This hindrance to the fullness of God’s blessing also involves a subtle laziness or lack of passion to take the land God has given you. Ephraim and Manasseh didn’t want to put in the effort to take land that would require a battle against giants. They had to be reminded by Joshua that, “You are a great people, and have great power; you shall not have only one lot, but the mountain country shall be yours” (Joshua 17:17). In other words Joshua said, “You are great and you will receive more, but you will have to work for it in the power the Lord has provided.”

It is also rooted in a misunderstanding about how greatness is defined. Alan Redpath correctly comments:

“Greatness . . . has everything to do with faithfulness to the Lord and constant, persistent endeavor after holiness of life. . . . Are you constantly discontented with your present lot? Do you often pine for greater opportunity to serve the Lord? Is your heart set on some mission field? For it may be that the searchlight of God’s Word will disclose that the enemy is still deeply entrenched in your soul. May the Spirit of God point out to you that perhaps you have not really possessed the lot which God has given you. . . .

 As God speaks to you today, do you not see that the real trouble in your life may be, not that you have not enough scope for your gifts, but that you are not living to capacity where you are? Satan is still sharing the land with you. You may want to leave him behind and move on to greater things, but that is never God’s way. You can strain at the leash just as long as you like, but God’s Spirit will hold you back and focus the searchlight of the Word on your life. He will keep you where you are until you have occupied and lived to capacity just there, and until – in the place in which you are serving, in the lot that He has given you, up to the capacity of your heart for Christ - the enemy has been vanquished. [1]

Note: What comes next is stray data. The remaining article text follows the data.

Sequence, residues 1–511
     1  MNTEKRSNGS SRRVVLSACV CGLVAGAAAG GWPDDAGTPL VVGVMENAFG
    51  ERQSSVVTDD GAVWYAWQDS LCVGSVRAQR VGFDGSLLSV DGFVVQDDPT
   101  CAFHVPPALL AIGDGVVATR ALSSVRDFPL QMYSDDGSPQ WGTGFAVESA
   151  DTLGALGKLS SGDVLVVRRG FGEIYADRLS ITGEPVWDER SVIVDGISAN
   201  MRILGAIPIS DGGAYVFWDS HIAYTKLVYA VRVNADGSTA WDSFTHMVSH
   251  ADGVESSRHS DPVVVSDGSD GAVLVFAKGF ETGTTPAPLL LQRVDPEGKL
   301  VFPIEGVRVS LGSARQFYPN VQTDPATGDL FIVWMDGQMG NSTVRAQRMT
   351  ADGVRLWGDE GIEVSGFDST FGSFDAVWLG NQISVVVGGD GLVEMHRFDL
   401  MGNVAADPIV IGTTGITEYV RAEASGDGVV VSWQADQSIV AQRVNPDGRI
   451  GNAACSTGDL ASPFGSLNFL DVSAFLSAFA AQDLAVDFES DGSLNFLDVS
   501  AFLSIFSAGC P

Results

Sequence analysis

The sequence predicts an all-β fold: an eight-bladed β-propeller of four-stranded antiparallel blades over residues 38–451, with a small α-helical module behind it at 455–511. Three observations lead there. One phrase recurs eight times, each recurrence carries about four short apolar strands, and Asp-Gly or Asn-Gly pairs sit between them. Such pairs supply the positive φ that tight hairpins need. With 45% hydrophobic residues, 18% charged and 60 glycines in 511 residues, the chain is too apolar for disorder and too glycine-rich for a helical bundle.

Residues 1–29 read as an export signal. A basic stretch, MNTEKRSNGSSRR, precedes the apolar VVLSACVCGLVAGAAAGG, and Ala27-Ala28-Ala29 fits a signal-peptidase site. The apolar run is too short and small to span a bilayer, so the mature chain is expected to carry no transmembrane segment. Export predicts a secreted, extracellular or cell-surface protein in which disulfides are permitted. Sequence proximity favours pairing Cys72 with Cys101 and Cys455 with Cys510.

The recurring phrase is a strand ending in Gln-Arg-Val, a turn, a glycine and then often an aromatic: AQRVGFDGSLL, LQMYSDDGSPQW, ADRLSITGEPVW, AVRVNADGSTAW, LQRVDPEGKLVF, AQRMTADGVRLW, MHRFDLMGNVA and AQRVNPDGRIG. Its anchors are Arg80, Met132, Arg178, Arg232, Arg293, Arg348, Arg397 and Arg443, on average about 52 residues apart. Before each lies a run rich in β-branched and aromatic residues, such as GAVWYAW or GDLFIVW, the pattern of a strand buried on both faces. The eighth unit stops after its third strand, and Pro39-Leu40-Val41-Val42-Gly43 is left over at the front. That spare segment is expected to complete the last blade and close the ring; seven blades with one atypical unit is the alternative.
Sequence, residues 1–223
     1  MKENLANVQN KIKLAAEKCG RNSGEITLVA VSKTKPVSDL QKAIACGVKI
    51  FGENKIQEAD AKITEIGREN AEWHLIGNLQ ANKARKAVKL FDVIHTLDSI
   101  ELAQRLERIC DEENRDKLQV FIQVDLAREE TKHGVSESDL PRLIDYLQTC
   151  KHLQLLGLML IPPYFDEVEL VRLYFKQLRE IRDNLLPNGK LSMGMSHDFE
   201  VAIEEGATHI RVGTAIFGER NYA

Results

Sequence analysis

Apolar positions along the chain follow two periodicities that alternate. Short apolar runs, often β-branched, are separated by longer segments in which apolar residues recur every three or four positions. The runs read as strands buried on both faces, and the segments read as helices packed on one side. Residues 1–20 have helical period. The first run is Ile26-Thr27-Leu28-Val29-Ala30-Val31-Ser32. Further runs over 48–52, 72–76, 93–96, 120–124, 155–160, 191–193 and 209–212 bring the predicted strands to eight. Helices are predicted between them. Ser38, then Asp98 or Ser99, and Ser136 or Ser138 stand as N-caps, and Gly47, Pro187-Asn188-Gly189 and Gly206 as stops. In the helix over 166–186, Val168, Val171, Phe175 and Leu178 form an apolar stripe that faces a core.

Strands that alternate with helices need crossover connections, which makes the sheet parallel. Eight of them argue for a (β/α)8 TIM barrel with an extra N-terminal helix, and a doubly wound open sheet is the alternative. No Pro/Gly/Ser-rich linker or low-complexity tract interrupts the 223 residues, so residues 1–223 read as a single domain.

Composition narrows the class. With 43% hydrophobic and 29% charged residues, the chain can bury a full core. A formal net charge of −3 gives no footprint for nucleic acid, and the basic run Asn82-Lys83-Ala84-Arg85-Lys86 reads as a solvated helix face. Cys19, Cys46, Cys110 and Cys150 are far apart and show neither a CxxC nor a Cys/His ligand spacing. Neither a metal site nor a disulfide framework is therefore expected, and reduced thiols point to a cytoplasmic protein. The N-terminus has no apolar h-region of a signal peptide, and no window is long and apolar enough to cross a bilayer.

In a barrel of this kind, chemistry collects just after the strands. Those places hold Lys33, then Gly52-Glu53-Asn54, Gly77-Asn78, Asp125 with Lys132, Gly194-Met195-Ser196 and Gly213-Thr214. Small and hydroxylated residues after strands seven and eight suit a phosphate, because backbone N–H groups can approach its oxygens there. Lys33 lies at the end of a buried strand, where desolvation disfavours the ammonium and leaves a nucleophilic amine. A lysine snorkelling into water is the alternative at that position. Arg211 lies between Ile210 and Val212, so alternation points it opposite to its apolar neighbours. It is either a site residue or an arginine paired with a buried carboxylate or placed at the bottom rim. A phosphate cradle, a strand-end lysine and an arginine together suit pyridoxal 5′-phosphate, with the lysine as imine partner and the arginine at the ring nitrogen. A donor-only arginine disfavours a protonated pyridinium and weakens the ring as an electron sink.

Have you been seeking greater land from the Lord, different land? Seeking an escape from what God has given you? Perhaps He has work for you to do right where you are.

People miss the fullness of God’s promises because of neglecting to apply those promises. In Joshua 18 it states, “Now the whole congregation of the children of Israel assembled together at Shiloh, and set up the tabernacle of meeting there. And the land was subdued before them. 2 But there remained among the children of Israel seven tribes which had not yet received their inheritance. 3 Then Joshua said to the children of Israel: “How long will you neglect to go and possess the land which the Lord God of your fathers has given you?) Joshua 18:1-3). The tribes assembled to worship at the tabernacle of the Lord. But Joshua said there was something wrong; something was left out. They came to worship but they neglected to apply what God had told them. It is good and very important to attend church, worship the Lord, and take in the teaching of His word. But if what is taught is never applied it becomes worthless! Joshua identifies this lapse and problem and exhorts the seven tribes who hadn’t yet taken possession of their allotted land to do so.

We can attend church and study the word of God regularly, but if we never apply in the Spirit what the Spirit has shown us, it is worthless. Without applying what the Spirit teaches and what God promises in His word, we are rendered impotent; a gelding; we become spiritually constipated and bloated. We have to apply in life what is learned in the sanctuary or in our quiet times with the Lord and His word. Failing to apply God’s word in life will result in missing the fullness of the promises of God in life.